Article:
Well, I'm back from Mexico.
The flight back was uneventful, except for the leg from Houston to Tucson. The lady in the window seat had "overallocated storage" and required a "distance extension" on her safety belt. To accomodate her, her husband and I flipped up the "logical partitions" between the seats, and "compressed" to take up less space to accomodate. Luckily, it was only for two hours.
On the flight to Houston, I was asked what kind of drink I wanted, in Spanish, as the crew were all from Mexico. Here's a quick Spanish lesson:
- this stands for drink in general, and can include liquor and soft drinks
- this stands generically for soft drink. They will often use "Coke" to refer to any cola beverage, regardless of brand.
It is interesting that Spanish language in each country is slightly different. The Mexicans I met with and spoke Spanish to immediately recognized I was from South America, and not from Central America. Likewise, folks in Puerto Rico knew I was from somewhere from South America, and not from Mexico or Central America. In Columbia, Argentina, and even Brazil, my speech is more recognizable as being from Bolivia.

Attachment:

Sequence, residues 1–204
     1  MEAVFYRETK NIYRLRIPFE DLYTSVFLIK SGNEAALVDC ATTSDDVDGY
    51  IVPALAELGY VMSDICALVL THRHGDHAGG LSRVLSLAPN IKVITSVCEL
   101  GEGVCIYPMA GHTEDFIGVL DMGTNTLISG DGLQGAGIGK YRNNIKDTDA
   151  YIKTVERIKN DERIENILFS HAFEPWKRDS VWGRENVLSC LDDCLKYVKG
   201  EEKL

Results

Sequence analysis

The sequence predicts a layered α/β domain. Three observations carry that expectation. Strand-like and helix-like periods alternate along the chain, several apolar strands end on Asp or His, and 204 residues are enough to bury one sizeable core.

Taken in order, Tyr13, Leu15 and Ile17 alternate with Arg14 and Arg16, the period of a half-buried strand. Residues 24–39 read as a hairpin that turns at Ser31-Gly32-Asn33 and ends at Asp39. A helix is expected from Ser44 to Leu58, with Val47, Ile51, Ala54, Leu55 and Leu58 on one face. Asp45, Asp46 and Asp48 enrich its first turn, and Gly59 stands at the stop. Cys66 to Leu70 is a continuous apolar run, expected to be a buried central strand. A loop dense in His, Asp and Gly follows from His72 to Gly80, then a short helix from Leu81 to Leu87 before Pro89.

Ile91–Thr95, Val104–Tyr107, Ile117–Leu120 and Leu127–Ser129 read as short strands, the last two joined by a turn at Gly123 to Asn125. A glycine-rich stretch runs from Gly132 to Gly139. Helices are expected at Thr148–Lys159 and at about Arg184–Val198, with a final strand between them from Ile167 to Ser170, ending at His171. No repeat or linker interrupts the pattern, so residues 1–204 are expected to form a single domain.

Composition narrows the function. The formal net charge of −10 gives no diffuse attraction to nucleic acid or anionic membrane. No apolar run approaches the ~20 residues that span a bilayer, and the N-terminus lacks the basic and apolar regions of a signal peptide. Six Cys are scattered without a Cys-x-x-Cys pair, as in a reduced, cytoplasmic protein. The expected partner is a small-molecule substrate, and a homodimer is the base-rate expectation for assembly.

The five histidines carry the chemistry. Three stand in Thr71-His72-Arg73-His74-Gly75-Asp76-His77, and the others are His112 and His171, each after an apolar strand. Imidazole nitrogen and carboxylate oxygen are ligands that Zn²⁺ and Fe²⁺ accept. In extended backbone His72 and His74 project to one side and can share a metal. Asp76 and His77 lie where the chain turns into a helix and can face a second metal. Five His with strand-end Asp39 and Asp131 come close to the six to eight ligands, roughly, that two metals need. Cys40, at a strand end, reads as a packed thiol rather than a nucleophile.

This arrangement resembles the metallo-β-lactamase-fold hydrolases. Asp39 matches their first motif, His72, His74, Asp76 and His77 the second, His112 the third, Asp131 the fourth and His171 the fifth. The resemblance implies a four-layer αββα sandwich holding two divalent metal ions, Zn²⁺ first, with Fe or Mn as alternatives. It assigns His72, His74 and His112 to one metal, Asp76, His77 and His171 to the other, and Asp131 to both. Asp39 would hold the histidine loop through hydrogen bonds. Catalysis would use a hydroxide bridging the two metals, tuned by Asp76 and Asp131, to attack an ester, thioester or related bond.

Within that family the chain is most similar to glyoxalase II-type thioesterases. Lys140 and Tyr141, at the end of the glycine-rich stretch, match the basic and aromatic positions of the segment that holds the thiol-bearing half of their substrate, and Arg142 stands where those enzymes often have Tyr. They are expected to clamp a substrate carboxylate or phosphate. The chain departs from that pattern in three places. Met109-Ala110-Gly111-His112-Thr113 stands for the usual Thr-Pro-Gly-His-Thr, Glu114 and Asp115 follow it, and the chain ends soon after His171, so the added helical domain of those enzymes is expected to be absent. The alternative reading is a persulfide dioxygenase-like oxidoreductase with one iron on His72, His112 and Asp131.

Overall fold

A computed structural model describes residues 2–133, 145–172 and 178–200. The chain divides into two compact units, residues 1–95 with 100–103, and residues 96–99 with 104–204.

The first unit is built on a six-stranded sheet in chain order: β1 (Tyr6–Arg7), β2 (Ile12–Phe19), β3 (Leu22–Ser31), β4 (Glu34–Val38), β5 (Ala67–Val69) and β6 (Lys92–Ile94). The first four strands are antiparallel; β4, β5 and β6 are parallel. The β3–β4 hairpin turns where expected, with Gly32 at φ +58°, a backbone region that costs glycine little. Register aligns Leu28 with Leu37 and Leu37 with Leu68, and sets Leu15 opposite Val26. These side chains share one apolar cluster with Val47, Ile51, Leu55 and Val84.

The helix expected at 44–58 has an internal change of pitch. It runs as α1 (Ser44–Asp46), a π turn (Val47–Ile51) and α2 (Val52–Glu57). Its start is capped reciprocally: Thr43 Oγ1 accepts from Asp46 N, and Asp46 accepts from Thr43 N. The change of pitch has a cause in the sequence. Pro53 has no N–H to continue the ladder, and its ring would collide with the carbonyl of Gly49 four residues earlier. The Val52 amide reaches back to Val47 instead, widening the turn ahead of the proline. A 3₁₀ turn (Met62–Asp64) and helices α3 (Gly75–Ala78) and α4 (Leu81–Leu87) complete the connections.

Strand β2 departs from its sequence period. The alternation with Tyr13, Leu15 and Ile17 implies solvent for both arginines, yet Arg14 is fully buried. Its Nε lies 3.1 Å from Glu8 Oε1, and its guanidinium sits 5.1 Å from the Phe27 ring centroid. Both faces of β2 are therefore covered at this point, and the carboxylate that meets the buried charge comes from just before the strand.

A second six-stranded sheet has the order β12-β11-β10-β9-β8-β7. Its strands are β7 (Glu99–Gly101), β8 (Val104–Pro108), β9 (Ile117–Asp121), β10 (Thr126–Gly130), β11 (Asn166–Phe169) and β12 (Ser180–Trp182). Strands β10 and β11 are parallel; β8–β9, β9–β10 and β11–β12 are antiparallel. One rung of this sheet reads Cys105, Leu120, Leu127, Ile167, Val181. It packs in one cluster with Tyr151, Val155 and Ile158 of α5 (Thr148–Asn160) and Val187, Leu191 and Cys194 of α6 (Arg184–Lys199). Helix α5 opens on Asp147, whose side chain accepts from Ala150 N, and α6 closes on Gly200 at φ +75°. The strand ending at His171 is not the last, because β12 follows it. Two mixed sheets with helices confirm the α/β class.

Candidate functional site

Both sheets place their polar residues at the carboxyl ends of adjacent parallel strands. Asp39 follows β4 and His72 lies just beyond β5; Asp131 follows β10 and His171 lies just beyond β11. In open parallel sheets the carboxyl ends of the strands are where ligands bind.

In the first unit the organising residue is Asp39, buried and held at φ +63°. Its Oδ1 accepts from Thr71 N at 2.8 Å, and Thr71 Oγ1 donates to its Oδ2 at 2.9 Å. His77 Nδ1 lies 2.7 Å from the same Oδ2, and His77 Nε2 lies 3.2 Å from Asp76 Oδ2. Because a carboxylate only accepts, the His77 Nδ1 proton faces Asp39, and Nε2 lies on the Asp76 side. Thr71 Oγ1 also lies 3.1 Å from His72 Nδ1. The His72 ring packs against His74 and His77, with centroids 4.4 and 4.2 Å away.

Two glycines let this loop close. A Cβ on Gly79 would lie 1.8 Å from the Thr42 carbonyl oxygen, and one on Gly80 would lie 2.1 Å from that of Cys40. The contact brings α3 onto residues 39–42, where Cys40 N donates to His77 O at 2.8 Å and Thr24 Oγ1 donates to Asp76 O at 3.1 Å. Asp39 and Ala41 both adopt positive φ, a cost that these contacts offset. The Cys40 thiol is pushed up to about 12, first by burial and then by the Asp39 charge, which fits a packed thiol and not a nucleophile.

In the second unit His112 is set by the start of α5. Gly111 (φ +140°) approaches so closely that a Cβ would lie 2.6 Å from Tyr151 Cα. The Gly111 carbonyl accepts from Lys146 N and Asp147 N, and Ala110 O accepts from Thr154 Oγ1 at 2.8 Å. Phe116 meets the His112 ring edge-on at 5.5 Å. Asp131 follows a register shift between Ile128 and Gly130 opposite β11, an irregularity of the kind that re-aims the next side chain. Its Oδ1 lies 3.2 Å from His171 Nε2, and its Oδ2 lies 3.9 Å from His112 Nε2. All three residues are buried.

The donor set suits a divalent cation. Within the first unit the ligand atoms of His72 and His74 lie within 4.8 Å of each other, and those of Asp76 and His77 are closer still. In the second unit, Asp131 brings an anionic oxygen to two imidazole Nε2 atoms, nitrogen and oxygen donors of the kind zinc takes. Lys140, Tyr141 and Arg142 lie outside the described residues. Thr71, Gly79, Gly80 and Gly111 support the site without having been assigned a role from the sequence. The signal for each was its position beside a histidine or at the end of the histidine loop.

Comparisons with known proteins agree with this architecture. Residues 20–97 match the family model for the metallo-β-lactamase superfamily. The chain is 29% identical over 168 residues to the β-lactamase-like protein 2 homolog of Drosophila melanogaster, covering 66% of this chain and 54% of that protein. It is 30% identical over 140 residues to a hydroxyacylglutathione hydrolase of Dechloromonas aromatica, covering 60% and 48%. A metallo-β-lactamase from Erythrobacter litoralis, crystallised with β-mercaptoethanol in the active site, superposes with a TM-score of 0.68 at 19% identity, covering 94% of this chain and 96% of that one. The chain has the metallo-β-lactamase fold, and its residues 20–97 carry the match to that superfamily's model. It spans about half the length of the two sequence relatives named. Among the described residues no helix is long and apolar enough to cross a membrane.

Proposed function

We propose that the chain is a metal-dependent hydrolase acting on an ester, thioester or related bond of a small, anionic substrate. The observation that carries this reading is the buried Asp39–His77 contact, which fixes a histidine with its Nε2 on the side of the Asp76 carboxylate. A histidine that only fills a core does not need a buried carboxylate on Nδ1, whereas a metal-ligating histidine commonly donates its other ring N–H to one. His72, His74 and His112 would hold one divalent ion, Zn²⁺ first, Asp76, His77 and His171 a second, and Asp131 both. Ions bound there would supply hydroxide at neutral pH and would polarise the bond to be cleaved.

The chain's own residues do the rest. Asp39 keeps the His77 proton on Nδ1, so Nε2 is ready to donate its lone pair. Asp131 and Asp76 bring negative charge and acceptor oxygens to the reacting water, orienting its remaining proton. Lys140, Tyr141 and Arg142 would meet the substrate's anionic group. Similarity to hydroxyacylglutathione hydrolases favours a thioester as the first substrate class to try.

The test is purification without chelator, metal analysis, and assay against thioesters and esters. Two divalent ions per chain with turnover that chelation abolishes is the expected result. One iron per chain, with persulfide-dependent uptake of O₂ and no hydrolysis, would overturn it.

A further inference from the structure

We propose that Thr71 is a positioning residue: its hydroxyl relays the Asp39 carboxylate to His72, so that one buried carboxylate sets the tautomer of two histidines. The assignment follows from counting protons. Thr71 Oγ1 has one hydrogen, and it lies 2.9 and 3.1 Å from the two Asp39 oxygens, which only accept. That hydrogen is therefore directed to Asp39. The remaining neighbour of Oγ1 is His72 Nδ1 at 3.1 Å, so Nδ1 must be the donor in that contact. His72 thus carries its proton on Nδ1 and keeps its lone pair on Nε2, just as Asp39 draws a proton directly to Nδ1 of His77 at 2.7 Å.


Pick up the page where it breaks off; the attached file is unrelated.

Before IBM got into an OEM agreement with Network Appliance, I used to indicate that EMC and NetApp were the "Coke and Pepsi" of the NAS marketplace. IBM had a presence, but it was in the single digits, whereas these two major players had roughly equal marketshare, just as Coke and Pepsi dominate equally the US marketplace. That analogy doesn't work in other countries, as in some cases the country might be more heavily in favor of one or the other.
On my flight over from Houston to Tucson, however, I was asked what kind of "pop" I wanted. I always say "soda" to refer generically to soft drinks, but realize that others say "pop" instead. Not only can Americans be able to detect what part of the country people are from by accent, but also by the words they use.
Now I see a blog that explores in great detail the issue of Pop vs Soda vs Coke.
So, it looks like I'll need to "retire" my Coke vs. Pepsi analogy, not because their marketshare has changed, but because IBM's parntering with NetApp greatly skews the advantage over EMC.
technorati tags: IBM, Mexico, NAS, OEM, NetApp, EMC, Coke, Pepsi, Bolivia, Pop, Soda